Stronger than Fiction is ‘Stronger than Strong’

Deborah Kingsland, Stronger than Fiction Director, introducing the festival (the image behind her is from ‘The Magical Life of V’)

Dendy Cinema Canberra
31 July to 18 August 2019

To borrow a line from one of my favourite anime’s theme songs (Gigantor) – the documentary film festival Stronger than Fiction is ‘stronger than strong’ this year. Canberra is home to a cinematic treasure – ‘Stronger than Fiction’ and has been since the Canberra Centenary in 2013. This year is its sixth. I have been to three festivals, and last year attended all the screenings, as I will this year. I am now a shameless groupie.

I can attest to its power. Beware. Last year after viewing ‘The Island of the Hungry Ghosts’ I could no longer just grieve and anger in my heart and mind about offshore detention of refugees that arrive by boat in Australia. Watching the trauma counsellor on that island explain to her young daughter about her clients (the people detained), the images of sand play in her clients’ therapy that reflect their trauma, and the migration of the crabs across Christmas Island (for which all the humans stop) that seems to echo the great human migration of our times, to the rituals for the hungry ghosts of Chinese labourers who never received a proper burial, so moved me that I had to act. It galvanised all my thought and feelings and reading about this dilemma to finally act. But that is another story.

The Co-Director, Hannah de Feyter, describes the curatorial approach of Stronger Than Fiction as having no brief but excellence, but themes and tendencies do tend to emerge each year. This year the festival depicts a number of strong older women, like Hatidze the beekeeper in Honeyland, Lea Tsemel human rights lawyer in Advocate, and photojournalist Letizia Battaglia in Shooting The Mafia. The environment, the value of persistence, and how we engage with the internet are themes that have also emerged. More than half of the films are directed by women (something I like).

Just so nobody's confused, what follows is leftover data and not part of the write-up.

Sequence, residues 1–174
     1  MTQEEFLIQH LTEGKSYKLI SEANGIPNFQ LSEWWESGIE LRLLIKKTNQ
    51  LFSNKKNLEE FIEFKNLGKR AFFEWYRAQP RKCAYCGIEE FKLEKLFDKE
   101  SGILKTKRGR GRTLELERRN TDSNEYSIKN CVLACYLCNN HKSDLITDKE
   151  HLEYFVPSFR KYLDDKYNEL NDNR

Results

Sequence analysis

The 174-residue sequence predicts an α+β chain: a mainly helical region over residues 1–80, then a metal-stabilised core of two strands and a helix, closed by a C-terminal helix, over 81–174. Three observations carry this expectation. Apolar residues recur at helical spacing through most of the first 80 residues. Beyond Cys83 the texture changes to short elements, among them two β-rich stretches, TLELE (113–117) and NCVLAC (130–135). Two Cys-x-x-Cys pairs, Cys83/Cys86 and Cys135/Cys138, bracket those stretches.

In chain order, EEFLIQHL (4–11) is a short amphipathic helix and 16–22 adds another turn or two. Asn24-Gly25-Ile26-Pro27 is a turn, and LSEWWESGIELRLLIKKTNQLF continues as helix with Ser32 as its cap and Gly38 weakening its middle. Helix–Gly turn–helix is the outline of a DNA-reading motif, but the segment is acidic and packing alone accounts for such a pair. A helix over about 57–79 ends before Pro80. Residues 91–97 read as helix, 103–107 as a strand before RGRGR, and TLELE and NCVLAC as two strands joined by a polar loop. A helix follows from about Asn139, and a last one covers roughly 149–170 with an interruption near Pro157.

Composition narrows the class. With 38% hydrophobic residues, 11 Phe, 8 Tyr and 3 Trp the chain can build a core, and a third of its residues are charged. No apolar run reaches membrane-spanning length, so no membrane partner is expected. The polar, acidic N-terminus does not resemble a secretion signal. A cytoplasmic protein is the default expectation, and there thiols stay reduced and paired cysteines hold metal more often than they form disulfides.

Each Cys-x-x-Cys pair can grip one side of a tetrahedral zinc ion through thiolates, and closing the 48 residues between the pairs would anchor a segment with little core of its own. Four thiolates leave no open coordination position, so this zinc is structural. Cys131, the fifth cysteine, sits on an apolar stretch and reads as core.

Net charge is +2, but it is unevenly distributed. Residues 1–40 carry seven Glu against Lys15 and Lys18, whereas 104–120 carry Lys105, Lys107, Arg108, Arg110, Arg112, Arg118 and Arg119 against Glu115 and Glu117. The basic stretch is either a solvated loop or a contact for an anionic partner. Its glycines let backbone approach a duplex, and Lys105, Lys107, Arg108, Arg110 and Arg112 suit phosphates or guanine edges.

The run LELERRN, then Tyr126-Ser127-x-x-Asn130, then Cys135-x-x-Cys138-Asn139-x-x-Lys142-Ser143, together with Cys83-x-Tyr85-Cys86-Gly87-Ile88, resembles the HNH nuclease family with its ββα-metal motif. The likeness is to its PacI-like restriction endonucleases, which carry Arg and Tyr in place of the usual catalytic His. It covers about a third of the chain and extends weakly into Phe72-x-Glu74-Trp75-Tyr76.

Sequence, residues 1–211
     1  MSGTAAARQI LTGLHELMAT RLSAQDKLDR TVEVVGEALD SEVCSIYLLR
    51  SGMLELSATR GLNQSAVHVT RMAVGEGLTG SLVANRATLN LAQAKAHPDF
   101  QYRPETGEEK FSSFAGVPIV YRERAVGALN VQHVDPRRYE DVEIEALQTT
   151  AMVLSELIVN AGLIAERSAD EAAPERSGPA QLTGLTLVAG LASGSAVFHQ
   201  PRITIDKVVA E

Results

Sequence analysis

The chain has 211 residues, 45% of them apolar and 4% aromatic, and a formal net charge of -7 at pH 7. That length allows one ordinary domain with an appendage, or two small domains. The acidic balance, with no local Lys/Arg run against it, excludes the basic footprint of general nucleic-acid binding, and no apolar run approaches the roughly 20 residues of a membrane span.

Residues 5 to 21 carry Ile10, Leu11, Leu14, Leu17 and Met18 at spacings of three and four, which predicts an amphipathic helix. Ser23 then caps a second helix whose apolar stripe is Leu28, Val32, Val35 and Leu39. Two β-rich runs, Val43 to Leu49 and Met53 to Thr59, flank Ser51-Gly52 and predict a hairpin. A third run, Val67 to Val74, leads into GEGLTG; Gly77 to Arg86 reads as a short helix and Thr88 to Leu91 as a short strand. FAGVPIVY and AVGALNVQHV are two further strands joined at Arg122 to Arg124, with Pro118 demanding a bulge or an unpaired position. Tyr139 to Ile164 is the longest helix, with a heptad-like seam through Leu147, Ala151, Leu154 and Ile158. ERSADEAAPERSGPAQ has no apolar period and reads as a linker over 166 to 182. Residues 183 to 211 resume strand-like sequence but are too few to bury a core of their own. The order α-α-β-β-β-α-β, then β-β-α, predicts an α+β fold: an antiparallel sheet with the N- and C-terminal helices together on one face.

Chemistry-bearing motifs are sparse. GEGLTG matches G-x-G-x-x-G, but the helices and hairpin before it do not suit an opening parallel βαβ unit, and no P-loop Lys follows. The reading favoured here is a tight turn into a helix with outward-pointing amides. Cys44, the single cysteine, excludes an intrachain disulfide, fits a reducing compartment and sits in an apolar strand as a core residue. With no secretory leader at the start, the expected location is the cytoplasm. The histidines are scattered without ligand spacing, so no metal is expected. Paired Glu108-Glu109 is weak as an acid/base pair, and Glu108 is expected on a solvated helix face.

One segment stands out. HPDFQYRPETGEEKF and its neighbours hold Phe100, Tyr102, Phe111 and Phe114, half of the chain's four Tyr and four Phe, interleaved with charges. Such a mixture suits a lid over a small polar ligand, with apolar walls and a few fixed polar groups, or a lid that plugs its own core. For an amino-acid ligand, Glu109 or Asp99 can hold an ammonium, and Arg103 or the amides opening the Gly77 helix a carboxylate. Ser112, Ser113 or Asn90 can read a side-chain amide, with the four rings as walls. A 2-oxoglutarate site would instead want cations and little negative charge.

A feature of Stronger Than Fiction is question and answer sessions with directors and the audience. This year In My Blood it Runs’ Maya Newell (and producer Larrissa Berendht) and Midnight Family’s Luke Loren will attend and audiences can quiz them with all those questions one has straight after viewing a doco. These sessions are riveting for film lovers. Another aspect of this festival is the audience vote, which I always find a little bit difficult because I want to rate all the films as number 1. The ten top films will have encore screenings over the two weekends following the festival.

In the festival preview we viewed Sea of Shadows and were immersed in the cradle of acquatic life that is the Sea of Cortez. This film is billed as an eco-thriller, and it really is. It follows a journalist researching the illegal fishing and trade in the swim bladder of the totoaba fish, ‘the cocaine of the sea’, which is so valuable that the trade involves the underworld of Mexican cartels, the government trying to control it, and scientists and conservation activists trying to protect the sea creatures, and the exploited locals being driven into debt. It is life or death for the fisher people, the journos, the endangered porpoise the vacquita, and the crews of the Sea Shepherd. The film unravels a net as complex and deadly as the illegal nets tangled through the Sea of Cortez.

I will leave you with a link to the program and trailers, and I may see some of you lucky Canberrans there. For others, watch out for these film when they are released down the track; Stronger Than Fiction always gets it right.

https://strongerdocs.com/#/2019-program/

 

 

 

 

 

 

1 thought on “Stronger than Fiction is ‘Stronger than Strong’

  1. Thank you Sarah for your intimate portrayal of the film festival, and of films and how they bring about change in our attitudes and way of being. I thoroughly enjoy reading your articles and having read feel impelled to pursue the narrative further.

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